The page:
Foreword Reviews

Blood from a Stone

A Memoir of How Wine Brought Me Back from the Dead

Adam McHugh’s Blood from a Stone is a memoir that brims with love for wine.

Heartfelt, candid, and unsentimental, McHugh’s story is about how the challenges of ministry fueled his passion for wine—in a good way. It begins with his time as an overnight hospice chaplain (a profession, McHugh notes, the mere mention of which could kill any party conversation) and follows his path toward working in vineyards in the Santa Ynez Valley outside of Los Angeles—a place that held McHugh’s imagination and, in time, welcomed him home. The story covers his burnout with chaplaincy, his travels in France to learn about wine in the region where Vincent Van Gogh painted, and his path toward inner healing.

This path is traced at a steady pace, weaving in and out of time and place. The book is rich with reflective metaphors about the ripening and fermenting of fruit and the importance of soil for growth. The history of wine intertwines with McHugh’s own history, while lighthearted conversations with friends and family show how he found laughter when he felt lost. Tidbits of historical conversations, including about how a suitor responded to Vincent Van Gogh’s marriage proposal, are a light, textural element.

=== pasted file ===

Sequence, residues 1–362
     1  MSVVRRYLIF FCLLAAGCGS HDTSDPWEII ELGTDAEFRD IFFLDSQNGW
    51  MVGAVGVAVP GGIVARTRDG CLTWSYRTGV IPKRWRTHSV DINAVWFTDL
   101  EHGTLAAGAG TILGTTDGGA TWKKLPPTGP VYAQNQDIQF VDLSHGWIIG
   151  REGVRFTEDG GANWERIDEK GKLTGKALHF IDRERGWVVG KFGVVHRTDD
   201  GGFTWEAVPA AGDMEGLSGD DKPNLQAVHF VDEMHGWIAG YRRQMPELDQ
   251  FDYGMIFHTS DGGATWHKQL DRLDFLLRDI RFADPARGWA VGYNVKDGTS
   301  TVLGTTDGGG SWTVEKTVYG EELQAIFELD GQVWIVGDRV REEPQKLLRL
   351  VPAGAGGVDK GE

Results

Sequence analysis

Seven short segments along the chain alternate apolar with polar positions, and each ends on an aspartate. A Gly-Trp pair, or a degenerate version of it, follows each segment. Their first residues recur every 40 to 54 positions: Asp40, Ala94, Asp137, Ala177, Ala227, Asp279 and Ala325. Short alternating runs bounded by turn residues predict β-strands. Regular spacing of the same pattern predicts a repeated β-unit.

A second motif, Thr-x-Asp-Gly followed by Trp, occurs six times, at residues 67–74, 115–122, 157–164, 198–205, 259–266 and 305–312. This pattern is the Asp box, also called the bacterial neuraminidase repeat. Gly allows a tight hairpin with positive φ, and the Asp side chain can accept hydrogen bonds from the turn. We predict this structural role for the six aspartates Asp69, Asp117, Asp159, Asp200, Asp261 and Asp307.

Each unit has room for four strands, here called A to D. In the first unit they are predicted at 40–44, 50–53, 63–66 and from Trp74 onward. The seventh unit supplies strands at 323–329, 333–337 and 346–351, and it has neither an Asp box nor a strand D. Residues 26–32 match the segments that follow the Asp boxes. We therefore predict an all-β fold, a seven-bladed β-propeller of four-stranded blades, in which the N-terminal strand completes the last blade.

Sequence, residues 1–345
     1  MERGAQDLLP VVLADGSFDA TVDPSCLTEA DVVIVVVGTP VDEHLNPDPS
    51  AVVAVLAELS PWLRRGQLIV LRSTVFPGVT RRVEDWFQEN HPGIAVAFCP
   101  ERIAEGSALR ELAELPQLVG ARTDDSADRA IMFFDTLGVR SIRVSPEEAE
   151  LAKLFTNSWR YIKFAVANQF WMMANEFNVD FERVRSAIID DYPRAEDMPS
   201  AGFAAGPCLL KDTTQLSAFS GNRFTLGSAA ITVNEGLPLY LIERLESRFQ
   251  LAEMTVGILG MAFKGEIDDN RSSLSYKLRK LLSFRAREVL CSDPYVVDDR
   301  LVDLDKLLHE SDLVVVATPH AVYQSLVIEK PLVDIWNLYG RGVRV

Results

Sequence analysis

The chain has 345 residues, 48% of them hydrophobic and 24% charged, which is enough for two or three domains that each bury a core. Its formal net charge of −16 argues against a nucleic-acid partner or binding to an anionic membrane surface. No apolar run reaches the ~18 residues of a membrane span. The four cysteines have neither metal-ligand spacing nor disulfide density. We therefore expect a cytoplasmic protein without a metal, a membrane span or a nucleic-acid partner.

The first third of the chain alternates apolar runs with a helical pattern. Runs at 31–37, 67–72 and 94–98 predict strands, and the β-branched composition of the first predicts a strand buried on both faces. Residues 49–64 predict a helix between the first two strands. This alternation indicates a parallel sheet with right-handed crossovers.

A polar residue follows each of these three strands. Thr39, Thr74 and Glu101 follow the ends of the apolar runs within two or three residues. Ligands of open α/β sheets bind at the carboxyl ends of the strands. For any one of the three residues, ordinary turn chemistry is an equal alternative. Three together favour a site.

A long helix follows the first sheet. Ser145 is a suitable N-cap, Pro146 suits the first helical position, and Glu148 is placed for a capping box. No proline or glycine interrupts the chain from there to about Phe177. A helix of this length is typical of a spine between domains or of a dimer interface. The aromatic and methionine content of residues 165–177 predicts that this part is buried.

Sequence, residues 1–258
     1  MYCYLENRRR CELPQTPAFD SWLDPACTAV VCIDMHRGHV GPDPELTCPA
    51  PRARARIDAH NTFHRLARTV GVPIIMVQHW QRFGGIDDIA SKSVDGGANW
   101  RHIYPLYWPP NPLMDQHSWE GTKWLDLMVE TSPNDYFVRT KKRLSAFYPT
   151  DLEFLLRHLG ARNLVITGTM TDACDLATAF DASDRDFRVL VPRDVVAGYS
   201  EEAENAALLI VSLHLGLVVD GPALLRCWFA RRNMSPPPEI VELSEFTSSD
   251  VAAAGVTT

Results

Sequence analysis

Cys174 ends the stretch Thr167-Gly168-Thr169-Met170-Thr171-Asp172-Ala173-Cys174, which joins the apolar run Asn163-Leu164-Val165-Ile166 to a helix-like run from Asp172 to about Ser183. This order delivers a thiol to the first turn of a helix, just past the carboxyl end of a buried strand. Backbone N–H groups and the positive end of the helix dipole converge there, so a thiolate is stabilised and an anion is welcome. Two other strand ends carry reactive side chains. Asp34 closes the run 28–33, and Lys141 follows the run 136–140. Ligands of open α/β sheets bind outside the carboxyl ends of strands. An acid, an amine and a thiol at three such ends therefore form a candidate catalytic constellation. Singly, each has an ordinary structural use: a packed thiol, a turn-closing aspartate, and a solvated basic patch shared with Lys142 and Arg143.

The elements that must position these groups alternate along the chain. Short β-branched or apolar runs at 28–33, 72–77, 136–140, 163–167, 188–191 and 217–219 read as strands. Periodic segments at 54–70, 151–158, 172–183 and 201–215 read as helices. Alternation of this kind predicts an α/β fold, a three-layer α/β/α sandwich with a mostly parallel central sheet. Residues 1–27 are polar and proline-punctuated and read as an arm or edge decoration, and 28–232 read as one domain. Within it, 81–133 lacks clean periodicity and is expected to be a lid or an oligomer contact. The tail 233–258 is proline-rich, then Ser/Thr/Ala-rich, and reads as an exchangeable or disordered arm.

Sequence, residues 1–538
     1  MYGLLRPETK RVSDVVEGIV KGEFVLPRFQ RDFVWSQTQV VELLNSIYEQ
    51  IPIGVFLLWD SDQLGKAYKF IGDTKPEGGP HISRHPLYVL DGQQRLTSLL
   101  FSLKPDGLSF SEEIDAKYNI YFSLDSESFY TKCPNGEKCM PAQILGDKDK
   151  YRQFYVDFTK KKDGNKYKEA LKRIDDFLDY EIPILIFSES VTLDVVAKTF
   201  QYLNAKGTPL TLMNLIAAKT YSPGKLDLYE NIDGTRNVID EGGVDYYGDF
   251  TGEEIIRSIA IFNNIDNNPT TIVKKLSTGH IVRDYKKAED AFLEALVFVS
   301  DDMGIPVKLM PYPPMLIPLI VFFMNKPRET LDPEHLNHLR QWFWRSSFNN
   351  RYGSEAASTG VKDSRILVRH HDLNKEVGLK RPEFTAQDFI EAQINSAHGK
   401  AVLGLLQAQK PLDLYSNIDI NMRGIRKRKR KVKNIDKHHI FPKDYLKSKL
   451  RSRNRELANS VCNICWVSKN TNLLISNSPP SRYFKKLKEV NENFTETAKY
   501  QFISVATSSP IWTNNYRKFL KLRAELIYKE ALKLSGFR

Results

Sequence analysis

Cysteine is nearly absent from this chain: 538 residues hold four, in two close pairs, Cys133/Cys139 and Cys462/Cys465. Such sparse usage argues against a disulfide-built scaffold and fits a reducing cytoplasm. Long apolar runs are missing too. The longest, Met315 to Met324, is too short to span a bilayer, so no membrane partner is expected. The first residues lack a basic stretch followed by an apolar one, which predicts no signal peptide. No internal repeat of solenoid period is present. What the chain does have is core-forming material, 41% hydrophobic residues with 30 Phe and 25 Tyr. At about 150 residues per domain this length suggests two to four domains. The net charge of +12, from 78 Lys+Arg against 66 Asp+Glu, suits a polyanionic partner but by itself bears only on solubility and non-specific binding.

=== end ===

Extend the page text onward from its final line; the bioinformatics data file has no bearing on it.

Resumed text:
McHugh’s story invites deep, personal connections through its universal themes of loss and restlessness. While his Christian ministry is a key element of the book, its work is more focused on daily life than it is on the intricacies of religion. It also shares a overview of the history of wine and how it’s cultivated, conveying deep appreciation for this ancient art. As his story continues, McHugh’s thirst for knowledge grows—as do his connections to others, and to wine itself.

Blood from a Stone is a compelling memoir about wine and a life of faith.

Reviewed by Melissa Wuske

Disclosure: This article is not an endorsement, but a review. The publisher of this book provided free copies of the book to have their book reviewed by a professional reviewer. No fee was paid by the publisher for this review. Foreword Reviews only recommends books that we love. Foreword Magazine, Inc. is disclosing this in accordance with the Federal Trade Commission’s 16 CFR, Part 255.

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